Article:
Thursday, March 26, 2015

Shell enters aerodynamics arena to sponsor the AirFlow ‘Starship’

Being at the cutting edge of aerodynamic truck design has been a passion for Bob Sliwa and his AirFlow Truck Company for more than three decades. Conceiving his first prototype cabover in 1983, Sliwa has poured his own money into a pair of prototypes that get approximately twice as many miles to the gallon as average industry standards. It’s all about the chase.

With sponsorship and backing from Shell Lubricants, Sliwa is on the chase again, vowing to bring his third prototype hyper miler into the public arena.

The next generation AirFlow prototype truck, the Starship,
will debut in 2017 thanks to Shell sponsorship.
(Submitted image)
During the Mid-America Trucking Show on Thursday, March 26, Sliwa and Shell North American Marketing Manager Dave Waterman announced their partnership to develop the AirFlow “Starship” and show the world what it can do.

They hope to debut the Starship in 2017 with the aim of breaking current fuel efficiency records.

“This is an exciting project for Shell that allows us to remain at the leading edge of technology development, energy efficiency and sustainability,” said Selda Gunsel, vice-president of technology for Shell Global Solutions. “The transportation industry is dynamic and we intend to stay at the forefront of innovation – collaborating with companies like AirFlow to develop creative solutions that will benefit the industry for years to come.”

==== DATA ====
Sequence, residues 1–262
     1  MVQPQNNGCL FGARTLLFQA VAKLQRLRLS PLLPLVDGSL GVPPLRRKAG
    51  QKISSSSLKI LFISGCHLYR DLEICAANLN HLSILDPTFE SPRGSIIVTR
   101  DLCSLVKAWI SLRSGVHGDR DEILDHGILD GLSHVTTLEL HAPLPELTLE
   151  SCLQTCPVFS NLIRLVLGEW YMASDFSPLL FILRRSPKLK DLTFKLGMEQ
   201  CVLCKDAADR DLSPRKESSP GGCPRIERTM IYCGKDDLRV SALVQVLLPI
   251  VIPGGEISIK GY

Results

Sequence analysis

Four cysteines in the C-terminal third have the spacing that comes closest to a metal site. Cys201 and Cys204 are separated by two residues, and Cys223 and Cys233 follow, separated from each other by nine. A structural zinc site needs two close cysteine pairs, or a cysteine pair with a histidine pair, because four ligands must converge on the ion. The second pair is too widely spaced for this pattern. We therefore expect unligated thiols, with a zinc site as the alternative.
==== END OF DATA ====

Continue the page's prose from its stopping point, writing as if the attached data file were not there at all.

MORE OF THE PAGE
Having Shell behind him as a sponsor has energized Sliwa, a self-described tinkerer. And like his fellow racing enthusiasts, he recognizes that there are a lot of tinkerers out there who do amazing mods in their garages but do not hit the limelight because they don’t have the backing to get their machines out of the garage.

“It is a pleasure to work with a technology leader like the team at Shell Lubricants who also believe that there is lot that can be gained for the trucking industry with the development of more advanced and efficient trucks,” Sliwa said. “Building an efficient truck that could possibly be used by truckers across America is an exciting challenge.”

Sliwa has already proved that his trucks can haul freight. His 2012 prototype, the AirFlow Bullet Truck, achieved 13.4 mpg while grossing 65,000 pounds on a coast-to-coast run that included multiple freight drops, headwinds and mountain grades.

To achieve new levels with the Starship beyond side skirts and boat tails, Sliwa has built a mechanism that closes the gap between truck and trailer when the vehicle reaches a speed of 35 mph.

When asked if the prototype would perhaps forgo EPA emissions regulations to achieve higher fuel mileage, Sliwa and Waterman said absolutely not.

"This truck will be 100 percent certified to run," Waterman said.

As sponsor, Shell announced it will provide technical consultation on engine and drivetrain components as well as lubricant needs. Part of that will feature the next generation of motor oils that are categorized as PC-11 and will be ready to hit the market as early as 2017. Shell answers the question “What is PC-11?” on a website,

Shell’s OEM Technical Manager Dan Arcy calls the prospect of lending AirFlow a hand exciting. “The ability to test some of our newest PC-11 engine oils in a cutting-edge vehicle will provide us with some valuable information as we work to create lower viscosity engine oils without sacrificing performance,” Arcy said.

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